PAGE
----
This article previously appeared in the Weekend section of The Tribune here.
EVERY November, writers around the world take part in the National Novel Writing Month challenge - known as NaNoWriMo. This week, we look at podcasts that help writers as they try to make the leap from initial idea to seeing their work in print.
For writers, the DIYMFA site is a treasure trove. The podcast section is just one part of this sprawling collection of resources and advice for writers. The podcasts themselves cover a wide range – but perhaps the best of them are the interviews with various authors. Rather than straightforward interviews, though, each takes a specific focus with regard to the process of writing. For example, there's a chat with Linda Fairstein, author of the Alex Cooper series and a former Manhattan prosecutor. She was chief of the Sex Crimes Unit in Manhattan which inspired the Law And Order SVU series – and she talks about bringing your setting to life. She speaks about adding little details of history to your writing to make the setting a vibrant part of your novel. She also chats about how you go about getting access to locations so you really know what you are describing – and the persistence that is sometimes needed in order to get through that door. There's a real focus on the process of writing and creation here, and it's full of useful advice.
The Worried Writer
In the same vein, there is the Worried Writer site – the blog site of author Sarah Painter. As she says on the site, fear of failure (and success... and everything) stopped her from writing for many years, and the Worried Writer site is her way of paying back all the support and advice that helped her overcome her self-doubt. There are guides, pointers and more here – and the podcasts are a delight. I listened to the recent one featuring the splendid Catherine Ryan Howard chatting about her process of writing, who advises: “The more you write, the more you want to write,” but then freely admits that she often leaves things until the last minute before getting the bulk of the work done. She also chats about the way she plans her writing, and how she deals with editing of the finished work. It's great to hear that perspective on the writing process. She also talks about the differences between self-publishing, which is where she started out, and traditional publishing, under which she has her first book coming out next year. She is very open about it, including how to deal with bad reviews, and it makes for a splendid listen – if a little long at a little over an hour.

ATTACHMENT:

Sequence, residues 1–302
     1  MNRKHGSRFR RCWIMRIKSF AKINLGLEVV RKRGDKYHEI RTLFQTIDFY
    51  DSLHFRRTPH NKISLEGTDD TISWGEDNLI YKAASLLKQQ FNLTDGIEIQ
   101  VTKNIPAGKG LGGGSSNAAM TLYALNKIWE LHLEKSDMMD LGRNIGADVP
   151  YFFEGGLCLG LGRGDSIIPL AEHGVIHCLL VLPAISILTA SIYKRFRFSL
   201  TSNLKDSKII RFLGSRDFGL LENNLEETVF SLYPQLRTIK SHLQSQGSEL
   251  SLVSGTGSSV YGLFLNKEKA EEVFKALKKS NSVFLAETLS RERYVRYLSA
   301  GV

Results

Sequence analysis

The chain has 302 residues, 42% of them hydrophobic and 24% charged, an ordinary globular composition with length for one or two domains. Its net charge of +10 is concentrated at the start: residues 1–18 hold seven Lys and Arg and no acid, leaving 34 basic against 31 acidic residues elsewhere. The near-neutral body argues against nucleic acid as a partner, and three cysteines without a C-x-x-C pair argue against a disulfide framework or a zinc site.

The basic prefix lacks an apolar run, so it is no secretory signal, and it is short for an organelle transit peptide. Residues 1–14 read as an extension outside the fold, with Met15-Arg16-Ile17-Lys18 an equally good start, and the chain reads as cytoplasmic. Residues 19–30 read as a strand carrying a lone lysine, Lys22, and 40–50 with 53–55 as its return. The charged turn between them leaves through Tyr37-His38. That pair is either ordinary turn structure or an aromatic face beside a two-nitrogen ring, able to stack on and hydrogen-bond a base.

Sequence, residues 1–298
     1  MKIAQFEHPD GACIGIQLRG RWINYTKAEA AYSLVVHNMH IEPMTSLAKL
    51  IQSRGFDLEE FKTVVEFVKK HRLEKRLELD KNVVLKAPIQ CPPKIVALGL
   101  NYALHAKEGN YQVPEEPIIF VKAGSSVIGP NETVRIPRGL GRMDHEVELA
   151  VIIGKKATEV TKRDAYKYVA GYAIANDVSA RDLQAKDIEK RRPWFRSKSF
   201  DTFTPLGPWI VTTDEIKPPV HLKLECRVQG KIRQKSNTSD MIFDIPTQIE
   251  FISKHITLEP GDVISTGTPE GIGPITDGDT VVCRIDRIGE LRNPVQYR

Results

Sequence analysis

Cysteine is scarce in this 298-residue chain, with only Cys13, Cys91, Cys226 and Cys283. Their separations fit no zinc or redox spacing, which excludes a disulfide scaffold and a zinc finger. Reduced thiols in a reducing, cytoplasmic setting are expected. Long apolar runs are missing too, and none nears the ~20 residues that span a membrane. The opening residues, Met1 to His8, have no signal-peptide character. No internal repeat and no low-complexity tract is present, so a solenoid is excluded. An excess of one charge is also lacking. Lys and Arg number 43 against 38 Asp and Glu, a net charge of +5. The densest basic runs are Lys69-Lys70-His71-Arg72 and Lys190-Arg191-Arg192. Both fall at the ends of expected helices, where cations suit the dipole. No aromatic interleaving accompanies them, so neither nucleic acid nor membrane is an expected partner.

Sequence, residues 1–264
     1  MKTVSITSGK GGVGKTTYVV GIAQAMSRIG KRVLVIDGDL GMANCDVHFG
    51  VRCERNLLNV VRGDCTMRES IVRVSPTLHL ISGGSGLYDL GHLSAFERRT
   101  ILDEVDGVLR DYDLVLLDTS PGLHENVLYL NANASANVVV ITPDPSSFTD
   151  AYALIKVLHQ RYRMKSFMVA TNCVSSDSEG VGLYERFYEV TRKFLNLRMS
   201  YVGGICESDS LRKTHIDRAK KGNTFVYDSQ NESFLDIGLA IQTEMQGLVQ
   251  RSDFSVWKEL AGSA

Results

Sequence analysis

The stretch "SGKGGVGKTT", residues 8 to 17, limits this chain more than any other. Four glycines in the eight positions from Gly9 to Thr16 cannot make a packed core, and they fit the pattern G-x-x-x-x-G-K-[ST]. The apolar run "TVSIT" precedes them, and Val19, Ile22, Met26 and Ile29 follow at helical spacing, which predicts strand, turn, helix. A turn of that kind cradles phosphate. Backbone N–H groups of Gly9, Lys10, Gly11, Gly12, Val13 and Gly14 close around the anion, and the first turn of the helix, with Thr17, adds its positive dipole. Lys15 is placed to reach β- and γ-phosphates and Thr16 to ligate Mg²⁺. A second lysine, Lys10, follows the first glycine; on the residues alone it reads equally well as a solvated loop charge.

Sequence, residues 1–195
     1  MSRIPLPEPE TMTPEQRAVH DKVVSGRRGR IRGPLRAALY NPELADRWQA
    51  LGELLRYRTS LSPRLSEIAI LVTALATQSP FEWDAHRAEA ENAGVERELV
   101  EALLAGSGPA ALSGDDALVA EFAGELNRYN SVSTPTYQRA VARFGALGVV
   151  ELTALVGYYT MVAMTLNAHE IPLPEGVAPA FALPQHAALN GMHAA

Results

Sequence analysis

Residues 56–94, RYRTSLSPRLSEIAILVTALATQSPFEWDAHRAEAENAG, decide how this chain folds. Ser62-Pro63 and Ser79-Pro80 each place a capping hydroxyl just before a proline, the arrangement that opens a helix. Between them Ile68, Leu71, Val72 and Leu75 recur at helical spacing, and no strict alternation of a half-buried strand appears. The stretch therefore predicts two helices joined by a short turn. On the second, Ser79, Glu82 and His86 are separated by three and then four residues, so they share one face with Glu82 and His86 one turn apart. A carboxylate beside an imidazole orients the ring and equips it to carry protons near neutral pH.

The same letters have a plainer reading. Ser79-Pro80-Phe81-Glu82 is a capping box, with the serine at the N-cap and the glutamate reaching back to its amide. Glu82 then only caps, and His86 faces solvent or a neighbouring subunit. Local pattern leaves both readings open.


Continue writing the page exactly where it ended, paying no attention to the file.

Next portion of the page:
Planning or pantsing is often cited as the two strands of writing - setting out your planning in notes or flying by the seat of your pants and working out the plot as you go.
Get Published Podcast
This podcast may have come to an end this summer - but its archives are full to the brim with useful information. Its last episode was a straightforward interview with author Chris Hite - who was published for the first time in the Dimensional Abscesses anthology earlier this year. It's a good interview - with his father, Jeffrey Hite, part of the Get Published podcast team - in which he discusses what the biggest challenges were in going through the process of having his story edited and what inspired him to do it, as well as that determination that authors need to "just keep going". Often you'll find interviews with authors who are well established, but this is a chance to hear the rawness of the process from someone discovering it for the first time. Late last month, producer Michell said it was time to end the podcast - but don't let that put you off investigating, the episodes that are there are a treasure trove - and who knows what future plans will come.
Got a podcast you'd like to see featured in the column? Send me a tweet at @chippychatty.
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